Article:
Meet the team behind The Persistence of the Victorian Prison project.
Dominique Moran is Professor of Carceral Geography in the School of Geography, Earth and Environmental Sciences, at the University of Birmingham, UK. She is interested in the relationship between people and places, and she brings this perspective to the prison, focusing on the lived experience of prison spaces, and the ways in which prison buildings influence those who live and work in them, and vice versa.
Matt Houlbrook is Professor of Cultural History in the Department of History, at the University of Birmingham, UK. He works on the cultural history of 20th century Britain, with particular interests in histories of gender and sexuality, space and identity, and the relationship between culture, crime, and politics.
Yvonne Jewkes is Professor of Criminology in the Department of Social and Policy Sciences, at the University of Bath. Her main research interests are prison architecture, design and technology, and how they can assist in rehabilitating offenders, enhancing prisoners’ quality of life and wellbeing, reducing trauma, improving prisoner-staff relations, and making prison staff feel like a professionalised and valued workforce.
Eleanor March was Research Fellow in Interdisciplinary Prison Research in the School of Geography, Earth and Environmental Sciences, at the University of Birmingham until the end of 2022. Her research has an interdisciplinary focus, working across literature, carceral geography, criminology and history. Whilst part of the project team, Eleanor undertook oral history interviews, discourse analysis of prison literature, and supported qualitative research in prison, as well as leading on project communications, social media and the website. She is lead author of a paper from the project: Defining the Carceral Characteristics of the ‘Dickensian prison’: A Corpus Stylistics Analysis of Dickens’s Novels forthcoming in Victoriographies.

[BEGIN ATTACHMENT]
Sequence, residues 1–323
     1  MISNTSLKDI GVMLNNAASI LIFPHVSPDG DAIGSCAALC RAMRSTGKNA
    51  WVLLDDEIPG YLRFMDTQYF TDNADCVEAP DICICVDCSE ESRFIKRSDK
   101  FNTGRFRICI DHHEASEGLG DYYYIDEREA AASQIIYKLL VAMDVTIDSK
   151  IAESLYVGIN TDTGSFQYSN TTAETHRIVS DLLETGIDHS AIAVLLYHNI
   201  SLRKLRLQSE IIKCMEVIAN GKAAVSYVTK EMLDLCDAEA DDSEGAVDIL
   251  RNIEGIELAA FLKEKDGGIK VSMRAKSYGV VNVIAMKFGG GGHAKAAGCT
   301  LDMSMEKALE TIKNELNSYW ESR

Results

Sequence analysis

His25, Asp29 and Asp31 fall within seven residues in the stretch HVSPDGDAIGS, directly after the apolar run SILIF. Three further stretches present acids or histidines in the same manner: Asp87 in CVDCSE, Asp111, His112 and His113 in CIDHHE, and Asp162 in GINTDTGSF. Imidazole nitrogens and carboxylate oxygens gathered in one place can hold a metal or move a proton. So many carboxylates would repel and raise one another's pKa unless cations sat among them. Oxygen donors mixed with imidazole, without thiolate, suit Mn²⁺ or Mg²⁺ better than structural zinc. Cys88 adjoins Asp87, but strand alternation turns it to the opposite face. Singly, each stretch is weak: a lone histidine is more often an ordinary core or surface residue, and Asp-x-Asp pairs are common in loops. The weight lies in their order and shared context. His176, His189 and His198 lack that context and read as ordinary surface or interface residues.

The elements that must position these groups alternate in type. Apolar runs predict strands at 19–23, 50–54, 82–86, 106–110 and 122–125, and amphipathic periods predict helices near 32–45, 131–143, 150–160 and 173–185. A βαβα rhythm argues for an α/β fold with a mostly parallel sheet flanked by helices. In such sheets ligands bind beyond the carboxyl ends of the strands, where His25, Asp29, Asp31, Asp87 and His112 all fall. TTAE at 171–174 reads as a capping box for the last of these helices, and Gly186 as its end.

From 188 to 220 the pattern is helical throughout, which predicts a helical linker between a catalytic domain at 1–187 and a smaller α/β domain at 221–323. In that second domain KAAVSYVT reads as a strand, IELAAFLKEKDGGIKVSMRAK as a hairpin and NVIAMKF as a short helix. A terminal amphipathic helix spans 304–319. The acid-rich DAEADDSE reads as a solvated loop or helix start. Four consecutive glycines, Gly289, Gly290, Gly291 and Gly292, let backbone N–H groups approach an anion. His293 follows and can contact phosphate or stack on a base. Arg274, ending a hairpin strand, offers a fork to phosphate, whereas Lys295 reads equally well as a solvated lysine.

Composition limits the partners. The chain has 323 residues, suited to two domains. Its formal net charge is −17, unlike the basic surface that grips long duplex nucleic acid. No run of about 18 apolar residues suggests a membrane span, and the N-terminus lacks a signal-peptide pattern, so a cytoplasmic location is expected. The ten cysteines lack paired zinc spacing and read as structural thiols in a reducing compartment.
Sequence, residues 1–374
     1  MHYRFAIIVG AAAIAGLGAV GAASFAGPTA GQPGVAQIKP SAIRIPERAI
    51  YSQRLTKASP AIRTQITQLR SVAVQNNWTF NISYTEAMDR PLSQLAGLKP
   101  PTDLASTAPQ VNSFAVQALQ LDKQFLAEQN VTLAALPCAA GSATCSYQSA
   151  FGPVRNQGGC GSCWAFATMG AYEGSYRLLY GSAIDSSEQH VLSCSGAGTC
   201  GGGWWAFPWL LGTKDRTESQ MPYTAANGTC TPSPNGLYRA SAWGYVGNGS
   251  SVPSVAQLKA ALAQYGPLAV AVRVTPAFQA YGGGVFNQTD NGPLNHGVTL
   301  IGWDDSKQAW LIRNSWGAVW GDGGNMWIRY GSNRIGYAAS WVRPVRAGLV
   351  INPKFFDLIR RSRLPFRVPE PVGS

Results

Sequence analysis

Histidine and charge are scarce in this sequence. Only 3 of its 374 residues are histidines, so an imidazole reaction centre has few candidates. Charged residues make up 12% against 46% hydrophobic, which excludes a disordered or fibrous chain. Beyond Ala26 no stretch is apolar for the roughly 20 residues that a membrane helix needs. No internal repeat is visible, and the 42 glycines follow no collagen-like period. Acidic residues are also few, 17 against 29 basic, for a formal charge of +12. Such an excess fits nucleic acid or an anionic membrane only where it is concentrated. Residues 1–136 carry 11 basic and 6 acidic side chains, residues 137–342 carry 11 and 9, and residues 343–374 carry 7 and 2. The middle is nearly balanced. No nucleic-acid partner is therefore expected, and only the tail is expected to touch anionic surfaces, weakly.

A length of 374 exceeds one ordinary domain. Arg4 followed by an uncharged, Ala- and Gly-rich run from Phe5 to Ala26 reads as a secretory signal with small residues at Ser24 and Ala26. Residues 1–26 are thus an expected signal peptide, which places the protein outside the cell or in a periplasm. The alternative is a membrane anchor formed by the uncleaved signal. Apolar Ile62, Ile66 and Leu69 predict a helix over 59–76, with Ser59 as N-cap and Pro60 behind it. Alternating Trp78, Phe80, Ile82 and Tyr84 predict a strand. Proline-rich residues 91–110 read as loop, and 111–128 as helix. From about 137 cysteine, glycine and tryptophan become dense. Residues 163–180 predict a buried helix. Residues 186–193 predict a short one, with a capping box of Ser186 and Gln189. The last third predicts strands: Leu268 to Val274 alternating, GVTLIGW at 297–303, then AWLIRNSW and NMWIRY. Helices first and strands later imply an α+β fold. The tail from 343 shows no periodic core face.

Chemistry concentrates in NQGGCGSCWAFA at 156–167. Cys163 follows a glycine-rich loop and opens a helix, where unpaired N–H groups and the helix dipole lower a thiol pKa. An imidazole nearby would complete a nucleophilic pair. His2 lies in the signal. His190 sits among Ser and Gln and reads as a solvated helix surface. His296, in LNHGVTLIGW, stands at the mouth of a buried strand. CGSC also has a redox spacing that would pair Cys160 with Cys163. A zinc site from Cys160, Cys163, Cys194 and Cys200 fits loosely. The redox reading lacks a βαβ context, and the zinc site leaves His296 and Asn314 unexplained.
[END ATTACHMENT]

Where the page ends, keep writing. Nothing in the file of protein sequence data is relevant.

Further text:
Jennifer Turner is Honorary Senior Research Fellow in the School of Geography, Earth and Environmental Sciences, at the University of Birmingham, UK; and a human geographer at the University of Oldenburg, Germany. Her research focuses upon spaces and practices of incarceration, past and present. Most recently, she has interrogated prison architecture, design, technology and their potential to impact upon rehabilitation. Other interests include penal tourism, articulations of the prison boundary and conceptualisations of carceral space. Her work has been published widely in the fields of carceral geography and criminology.